THEASTER GATES: ARTIST What’s the first thing you do when you get on the plane? I organize my carry-on and get my plane accoutrements together: wires, chargers, papers for grading, the book. I basically make a temporary home on the plane.

Do you have any flying rituals? Well, the rituals have changed over time. I used to be an O’Hare Airport food concessions guy, and at Midway, I’d go with Potbelly’s. These days, I’m trying to change all that. I have the Naomi Campbell approach now. No food, lots of water, and maybe a shot of something if I want to sleep a bit. I used to do a few shots or a good business class mixed drink, but that’s its own addiction. These days, I tend to hit a cold press with heavy ginger and call it a day. Sometimes, if there is a good vino situation, I’ll hit a glass of red. I have the noisecanceling Bose headphones, usually pumping some Frank Ocean, Tracy Chapman, or Keith Jarrett. Because I fall asleep easily, I just try to make sure that I’m hydrated, not too hungry, and always with a good book. What do you wear when you travel? Chelsea boots, yoga pants, and a comfy sweater with one outer piece of swag.

Favorite luggage? Prada, honey! All the time! Although, I often get a new piece of luggage every time I leave the country. How do you pass the time on a flight? Mubi, etflix, and sketching. I tend to doodle a lot and make lots of plans. I also just stare out the window and wonder. What’s the first thing you do when you get off the plane? I thank the LAWD! I try not to turn my phone on immediately and take a few last minutes of quiet time before the logistics work begins. Plane time is sacred. If you could fly anywhere right now, where would you go? I would be in the South of France with people who I love.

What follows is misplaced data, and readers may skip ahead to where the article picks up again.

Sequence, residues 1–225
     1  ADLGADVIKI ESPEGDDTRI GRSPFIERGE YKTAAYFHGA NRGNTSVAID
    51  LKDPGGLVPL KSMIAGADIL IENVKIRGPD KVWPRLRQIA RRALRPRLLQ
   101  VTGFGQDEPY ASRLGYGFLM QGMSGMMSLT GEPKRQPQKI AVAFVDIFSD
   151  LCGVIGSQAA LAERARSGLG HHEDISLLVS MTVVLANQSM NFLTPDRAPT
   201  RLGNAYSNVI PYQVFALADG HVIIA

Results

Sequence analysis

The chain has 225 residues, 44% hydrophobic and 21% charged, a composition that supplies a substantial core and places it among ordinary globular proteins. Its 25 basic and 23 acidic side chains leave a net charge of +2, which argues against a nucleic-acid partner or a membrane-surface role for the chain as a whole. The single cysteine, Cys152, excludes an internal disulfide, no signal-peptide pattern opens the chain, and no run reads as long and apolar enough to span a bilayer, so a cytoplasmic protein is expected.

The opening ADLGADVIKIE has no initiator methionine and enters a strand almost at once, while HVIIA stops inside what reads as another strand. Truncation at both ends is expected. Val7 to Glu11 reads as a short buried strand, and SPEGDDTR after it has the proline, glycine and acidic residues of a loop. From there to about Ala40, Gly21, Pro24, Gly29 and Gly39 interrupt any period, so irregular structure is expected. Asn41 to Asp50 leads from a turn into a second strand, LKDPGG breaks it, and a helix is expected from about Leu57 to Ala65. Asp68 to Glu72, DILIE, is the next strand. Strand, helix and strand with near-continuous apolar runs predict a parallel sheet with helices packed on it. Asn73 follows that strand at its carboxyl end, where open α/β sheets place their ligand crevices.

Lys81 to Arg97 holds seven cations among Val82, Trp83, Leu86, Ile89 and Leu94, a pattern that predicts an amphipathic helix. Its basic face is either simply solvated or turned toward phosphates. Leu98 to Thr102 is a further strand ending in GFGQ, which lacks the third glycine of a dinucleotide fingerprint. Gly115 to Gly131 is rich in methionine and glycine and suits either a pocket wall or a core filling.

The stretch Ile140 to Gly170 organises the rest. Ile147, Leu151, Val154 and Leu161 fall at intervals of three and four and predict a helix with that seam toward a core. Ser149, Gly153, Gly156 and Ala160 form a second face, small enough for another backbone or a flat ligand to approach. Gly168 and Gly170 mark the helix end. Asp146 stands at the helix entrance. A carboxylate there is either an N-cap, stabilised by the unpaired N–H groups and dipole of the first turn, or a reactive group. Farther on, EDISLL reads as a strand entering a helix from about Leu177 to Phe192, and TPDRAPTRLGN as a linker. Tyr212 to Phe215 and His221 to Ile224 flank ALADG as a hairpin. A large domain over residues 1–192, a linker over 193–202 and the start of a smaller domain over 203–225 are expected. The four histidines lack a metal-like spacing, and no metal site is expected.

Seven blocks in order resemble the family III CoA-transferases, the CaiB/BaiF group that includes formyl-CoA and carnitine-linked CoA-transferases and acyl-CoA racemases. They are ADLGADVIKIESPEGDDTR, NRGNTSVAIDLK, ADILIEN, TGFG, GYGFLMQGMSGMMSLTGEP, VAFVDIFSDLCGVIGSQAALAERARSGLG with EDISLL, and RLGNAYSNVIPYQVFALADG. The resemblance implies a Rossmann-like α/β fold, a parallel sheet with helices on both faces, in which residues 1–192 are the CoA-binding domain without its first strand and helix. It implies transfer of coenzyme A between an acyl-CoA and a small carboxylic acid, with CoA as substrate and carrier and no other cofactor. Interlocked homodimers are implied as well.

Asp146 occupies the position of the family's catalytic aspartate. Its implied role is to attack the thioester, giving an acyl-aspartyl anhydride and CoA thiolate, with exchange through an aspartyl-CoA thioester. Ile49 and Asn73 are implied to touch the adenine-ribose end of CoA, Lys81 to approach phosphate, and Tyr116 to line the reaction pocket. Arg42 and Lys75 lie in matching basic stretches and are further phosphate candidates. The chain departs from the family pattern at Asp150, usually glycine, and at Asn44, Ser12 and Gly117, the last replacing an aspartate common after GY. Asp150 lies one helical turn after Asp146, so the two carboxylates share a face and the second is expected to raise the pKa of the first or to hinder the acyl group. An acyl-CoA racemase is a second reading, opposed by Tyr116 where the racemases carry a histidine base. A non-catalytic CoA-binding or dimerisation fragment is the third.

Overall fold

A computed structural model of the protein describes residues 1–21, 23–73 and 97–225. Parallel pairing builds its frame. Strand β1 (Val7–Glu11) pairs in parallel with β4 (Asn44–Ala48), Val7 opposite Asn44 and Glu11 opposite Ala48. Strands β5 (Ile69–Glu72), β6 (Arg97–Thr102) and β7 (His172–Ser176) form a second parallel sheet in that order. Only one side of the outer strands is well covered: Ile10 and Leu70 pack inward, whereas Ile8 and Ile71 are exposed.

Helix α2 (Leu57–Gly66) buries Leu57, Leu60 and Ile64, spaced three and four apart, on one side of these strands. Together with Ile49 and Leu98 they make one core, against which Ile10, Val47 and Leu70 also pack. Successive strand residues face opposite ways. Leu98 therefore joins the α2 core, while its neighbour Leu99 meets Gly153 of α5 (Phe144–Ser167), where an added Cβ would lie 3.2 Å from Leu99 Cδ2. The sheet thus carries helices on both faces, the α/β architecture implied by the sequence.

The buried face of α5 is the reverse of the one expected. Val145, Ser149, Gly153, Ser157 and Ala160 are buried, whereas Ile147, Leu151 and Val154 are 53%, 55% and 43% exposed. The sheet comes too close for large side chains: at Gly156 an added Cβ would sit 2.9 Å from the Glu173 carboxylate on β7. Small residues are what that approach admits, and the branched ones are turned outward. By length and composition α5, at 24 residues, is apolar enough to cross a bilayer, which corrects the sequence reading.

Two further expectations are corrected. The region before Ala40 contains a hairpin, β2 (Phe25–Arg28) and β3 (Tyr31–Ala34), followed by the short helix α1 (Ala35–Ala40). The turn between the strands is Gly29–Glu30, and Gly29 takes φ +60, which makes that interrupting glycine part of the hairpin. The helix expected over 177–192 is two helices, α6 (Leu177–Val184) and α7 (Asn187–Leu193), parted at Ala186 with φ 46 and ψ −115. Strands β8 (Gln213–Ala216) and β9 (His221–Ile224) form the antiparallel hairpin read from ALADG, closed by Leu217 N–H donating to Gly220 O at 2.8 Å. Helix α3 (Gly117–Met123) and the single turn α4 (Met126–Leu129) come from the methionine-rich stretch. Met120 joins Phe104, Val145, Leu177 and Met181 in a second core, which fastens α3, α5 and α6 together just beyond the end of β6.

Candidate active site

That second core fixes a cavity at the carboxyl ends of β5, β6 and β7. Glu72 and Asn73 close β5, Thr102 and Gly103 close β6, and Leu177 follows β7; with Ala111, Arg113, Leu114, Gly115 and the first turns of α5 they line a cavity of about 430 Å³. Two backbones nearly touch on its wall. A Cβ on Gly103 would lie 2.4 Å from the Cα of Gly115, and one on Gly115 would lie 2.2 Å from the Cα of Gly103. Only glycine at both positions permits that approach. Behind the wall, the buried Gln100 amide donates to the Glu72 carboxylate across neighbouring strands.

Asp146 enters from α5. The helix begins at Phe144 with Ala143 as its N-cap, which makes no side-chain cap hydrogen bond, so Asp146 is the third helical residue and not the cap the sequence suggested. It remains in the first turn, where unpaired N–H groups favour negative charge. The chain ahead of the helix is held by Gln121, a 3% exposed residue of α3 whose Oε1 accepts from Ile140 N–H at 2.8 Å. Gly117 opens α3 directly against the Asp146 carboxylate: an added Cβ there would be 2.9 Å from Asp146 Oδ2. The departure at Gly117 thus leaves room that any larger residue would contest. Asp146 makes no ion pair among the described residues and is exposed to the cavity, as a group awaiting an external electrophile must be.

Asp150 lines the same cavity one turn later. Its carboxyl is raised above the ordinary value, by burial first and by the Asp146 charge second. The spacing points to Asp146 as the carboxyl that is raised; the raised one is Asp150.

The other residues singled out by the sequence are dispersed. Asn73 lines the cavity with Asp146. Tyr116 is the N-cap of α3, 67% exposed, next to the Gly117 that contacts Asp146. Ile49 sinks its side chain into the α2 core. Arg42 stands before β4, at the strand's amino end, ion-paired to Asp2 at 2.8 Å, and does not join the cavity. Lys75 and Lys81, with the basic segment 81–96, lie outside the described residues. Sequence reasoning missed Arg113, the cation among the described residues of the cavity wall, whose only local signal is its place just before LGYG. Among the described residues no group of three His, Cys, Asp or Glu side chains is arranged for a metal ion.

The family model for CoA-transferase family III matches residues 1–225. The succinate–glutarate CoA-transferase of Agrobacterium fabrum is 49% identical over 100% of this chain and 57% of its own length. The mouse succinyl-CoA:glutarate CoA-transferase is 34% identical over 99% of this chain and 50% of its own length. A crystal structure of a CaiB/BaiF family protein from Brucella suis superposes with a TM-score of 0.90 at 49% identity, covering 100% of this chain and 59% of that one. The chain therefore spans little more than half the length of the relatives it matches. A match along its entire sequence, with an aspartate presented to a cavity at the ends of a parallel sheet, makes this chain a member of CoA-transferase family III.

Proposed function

Do you have any in-flight rituals? No alcohol. I try not to eat at all unless I’m on a really long flight and then I eat as it takes up time. I will definitely pop some CBD/THC relaxing gummies and if it’s really long I will pop a Xanax! What’s your packing style? I’m a minimalist. I try to pack only a carry-on. What’s your relationship to flying these days? I used to love to fly and now I hate it, mostly because the airport experience is so rotten. I stopped flying months before C I because I felt it was getting crazy for me with too much traveling and I’m very worried about global warming, so I didn’t want to add to that.

KENNY SCHARF: ARTIST What’s the first thing you do when you get on the plane? Read the New York Times. What do you wear when you travel? I like to wear super-comfortable clothes like sweats.

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Where do you like to sit on the plane? Two words: business class. It sounds bad but I’m six foot two and I actually don’t fit in seats these days! If you could fly anywhere right now, where would you go? Australia and hailand. I always spend my winters there and miss my dear friends Herman and Wan.

STEFANO PILATI: DESIGNER, RANDOM IDENTITIES What do you wear when you travel? Layers of cashmere and crocodile loafers with heavy, hand-knitted socks.